This fall can be so relaxing and rewarding in our yards because of the changing bird activity. At our Wild Birds Unlimited in Grosse Pointe Woods, we are hearing from customers that they are seeing a good number of Ruby-throated Hummingbirds, visiting both flowers and hummingbird feeders. This is their time of year to fatten up before they make their way back to Mexico or in some cases, as far south as Costa Rica. Hummingbird feeders should be kept up through mid-October in Michigan, the latest date that we get reports of these birds.
Goldfinch numbers also swell as youngsters accompany their parents, making their presence known by the constant “chippee, chippee”, their begging call for food. In many yards, finch feeders have every perch occupied with a Goldfinch. In the tall coreopsis and the woodland sunflower that grow in my yard, the Goldfinches gather by the dozens to gorge themselves on the bounty of seeds that are now available on these flowers.
Blue Jay vocalizations are also more prevalent as they begin their southward journey. I always hope that a few will decide to make my yard a part of their winter habitat. Just the opposite of the increasing Blue Jay screams, most of the resident birds have become silent. The Cardinal still sings early in the morning, but only then. No more days filled with the songs of the Robins, interspersed with the “coo” of the Mourning Dove and the “fee-bee” of the Chickadee. The Chickadees are still vocal but in a different way. Their territorial call has been replaced with contact calls. Now we hear “dee-dee” or “chickadee”, which are both sounds Chickadees use to let the rest of the flock know their whereabouts.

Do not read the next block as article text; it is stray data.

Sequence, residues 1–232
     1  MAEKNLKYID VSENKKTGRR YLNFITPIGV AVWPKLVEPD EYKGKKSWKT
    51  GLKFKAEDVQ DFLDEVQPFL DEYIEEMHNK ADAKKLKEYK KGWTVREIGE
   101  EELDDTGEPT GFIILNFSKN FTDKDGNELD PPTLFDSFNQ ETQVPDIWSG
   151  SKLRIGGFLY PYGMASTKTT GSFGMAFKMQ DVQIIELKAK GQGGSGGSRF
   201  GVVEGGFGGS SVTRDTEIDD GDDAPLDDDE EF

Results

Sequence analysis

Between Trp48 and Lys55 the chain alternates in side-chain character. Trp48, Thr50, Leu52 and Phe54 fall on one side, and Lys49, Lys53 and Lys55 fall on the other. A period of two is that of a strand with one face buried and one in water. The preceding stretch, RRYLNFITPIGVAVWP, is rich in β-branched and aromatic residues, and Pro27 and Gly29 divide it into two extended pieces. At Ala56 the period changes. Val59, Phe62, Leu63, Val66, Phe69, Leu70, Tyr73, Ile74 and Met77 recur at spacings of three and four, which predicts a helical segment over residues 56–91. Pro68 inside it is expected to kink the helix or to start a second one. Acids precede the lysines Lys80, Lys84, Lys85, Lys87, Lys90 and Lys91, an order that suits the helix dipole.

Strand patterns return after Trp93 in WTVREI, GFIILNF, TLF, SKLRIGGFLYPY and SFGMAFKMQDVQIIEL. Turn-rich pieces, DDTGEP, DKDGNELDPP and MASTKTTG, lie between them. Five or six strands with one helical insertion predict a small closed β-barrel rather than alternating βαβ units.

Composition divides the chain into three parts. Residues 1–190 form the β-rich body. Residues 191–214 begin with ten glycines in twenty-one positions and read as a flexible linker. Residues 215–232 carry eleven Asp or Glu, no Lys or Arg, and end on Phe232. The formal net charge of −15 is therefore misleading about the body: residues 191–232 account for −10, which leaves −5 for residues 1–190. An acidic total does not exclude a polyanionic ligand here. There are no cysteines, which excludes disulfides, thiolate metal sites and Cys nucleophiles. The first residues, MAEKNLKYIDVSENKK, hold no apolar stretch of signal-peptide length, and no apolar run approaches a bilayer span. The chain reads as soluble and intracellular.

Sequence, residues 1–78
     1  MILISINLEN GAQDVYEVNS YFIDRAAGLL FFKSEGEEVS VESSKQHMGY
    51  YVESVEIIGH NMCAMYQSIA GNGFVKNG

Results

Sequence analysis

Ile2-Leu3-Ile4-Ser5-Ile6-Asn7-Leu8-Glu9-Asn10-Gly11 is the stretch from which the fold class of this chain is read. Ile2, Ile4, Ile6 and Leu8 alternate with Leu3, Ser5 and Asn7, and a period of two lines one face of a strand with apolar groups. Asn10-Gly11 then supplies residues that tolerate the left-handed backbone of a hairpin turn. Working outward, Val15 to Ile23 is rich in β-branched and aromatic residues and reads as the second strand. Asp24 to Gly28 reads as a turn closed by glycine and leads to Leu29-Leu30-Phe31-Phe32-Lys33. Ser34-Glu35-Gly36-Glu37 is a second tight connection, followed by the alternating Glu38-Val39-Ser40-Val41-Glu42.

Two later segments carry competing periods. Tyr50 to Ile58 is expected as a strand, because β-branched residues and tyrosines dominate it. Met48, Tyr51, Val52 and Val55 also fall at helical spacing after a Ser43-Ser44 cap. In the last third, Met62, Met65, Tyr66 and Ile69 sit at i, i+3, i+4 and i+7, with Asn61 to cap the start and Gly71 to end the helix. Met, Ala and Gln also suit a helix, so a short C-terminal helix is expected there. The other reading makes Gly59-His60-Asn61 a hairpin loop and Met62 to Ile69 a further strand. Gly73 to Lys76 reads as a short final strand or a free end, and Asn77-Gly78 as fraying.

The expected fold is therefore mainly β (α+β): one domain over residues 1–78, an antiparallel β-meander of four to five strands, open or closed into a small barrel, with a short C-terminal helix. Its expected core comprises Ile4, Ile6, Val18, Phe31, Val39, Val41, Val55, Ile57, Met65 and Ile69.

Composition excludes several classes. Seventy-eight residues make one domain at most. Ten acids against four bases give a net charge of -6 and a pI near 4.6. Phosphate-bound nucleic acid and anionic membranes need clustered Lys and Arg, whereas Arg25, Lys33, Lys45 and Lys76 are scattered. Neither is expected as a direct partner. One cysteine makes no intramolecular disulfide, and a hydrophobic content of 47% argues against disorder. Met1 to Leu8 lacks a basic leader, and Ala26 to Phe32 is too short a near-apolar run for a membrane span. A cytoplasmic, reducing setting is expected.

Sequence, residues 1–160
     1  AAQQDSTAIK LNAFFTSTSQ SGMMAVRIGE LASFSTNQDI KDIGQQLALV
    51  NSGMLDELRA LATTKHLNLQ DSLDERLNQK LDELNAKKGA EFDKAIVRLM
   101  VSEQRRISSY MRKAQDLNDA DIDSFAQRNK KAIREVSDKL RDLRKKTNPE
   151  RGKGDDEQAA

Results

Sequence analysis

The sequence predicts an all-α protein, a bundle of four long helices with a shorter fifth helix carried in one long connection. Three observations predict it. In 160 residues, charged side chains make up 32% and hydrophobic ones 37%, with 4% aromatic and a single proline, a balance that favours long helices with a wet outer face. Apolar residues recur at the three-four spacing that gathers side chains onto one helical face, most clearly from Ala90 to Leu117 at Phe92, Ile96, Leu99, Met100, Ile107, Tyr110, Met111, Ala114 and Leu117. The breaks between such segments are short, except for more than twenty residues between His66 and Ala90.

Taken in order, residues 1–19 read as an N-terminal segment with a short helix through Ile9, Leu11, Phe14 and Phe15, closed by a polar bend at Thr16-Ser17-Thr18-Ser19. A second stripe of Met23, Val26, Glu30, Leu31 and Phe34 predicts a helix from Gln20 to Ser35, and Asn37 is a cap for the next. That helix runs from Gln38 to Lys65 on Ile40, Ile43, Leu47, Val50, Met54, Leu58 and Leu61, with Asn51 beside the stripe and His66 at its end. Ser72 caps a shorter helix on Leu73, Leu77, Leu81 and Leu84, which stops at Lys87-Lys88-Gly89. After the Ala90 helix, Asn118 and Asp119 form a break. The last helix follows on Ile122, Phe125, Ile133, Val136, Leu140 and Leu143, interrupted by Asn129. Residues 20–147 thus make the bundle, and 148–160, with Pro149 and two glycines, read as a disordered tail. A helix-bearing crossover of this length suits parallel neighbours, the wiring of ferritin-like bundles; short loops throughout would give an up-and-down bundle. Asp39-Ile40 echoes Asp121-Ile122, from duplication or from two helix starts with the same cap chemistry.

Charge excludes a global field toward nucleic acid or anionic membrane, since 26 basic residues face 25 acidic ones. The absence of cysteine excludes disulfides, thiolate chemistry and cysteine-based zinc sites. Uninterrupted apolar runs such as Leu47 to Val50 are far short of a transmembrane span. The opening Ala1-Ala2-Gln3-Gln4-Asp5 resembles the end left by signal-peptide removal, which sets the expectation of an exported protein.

One bird that has a significant increase in numbers is the House Sparrow. Every day we hear from customers that they have huge clouds of House Sparrows descending on every bird feeder available. Surely, this is one of the most successful breeders that we have locally. At least other birds notice the sparrow activity, so perhaps some seed eating migrants will see the crowd and join in as they migrate through the area. This is also the time of the year to look for Eastern Towhees and White-throated Sparrows. Some customers of WBU GPW have reported Rose-breasted Grosbeaks at their seed feeders, always a welcome visitor.
There have also been a number of warblers visiting yards. Watch for them gleaning insects from the evergreens and deciduous trees. We’ve had Wilson’s Warbler and American Redstart eating insects as well as visiting the birdbath – the noise of dripping water gets them every time. Other insect eating birds that we may see in our yards include the Ruby-crowned Kinglet and the Golden-crowned Kinglet, both of which flit about in a way that makes you believe they are spending more energy than they are getting from the insects they are gleaning from trees.
At dusk, some of us may live in an area where we can watch the spectacle of blackbirds gathering in large flocks. These flocks are comprised of Red-winged Blackbirds, Grackles and Cowbirds. They usually choose large trees as a roosting area for the night. It can be interesting to watch them as they drop into the trees and then listen to their version of a nighttime lullaby, which our human ears hear as squawking and screeching.
Take the time to watch for new birds of fall migration, as well as seeing our resident birds settle into fall flocks and fatten up after a hectic summer of breeding. You never know what you might see.
Enjoy your birds!
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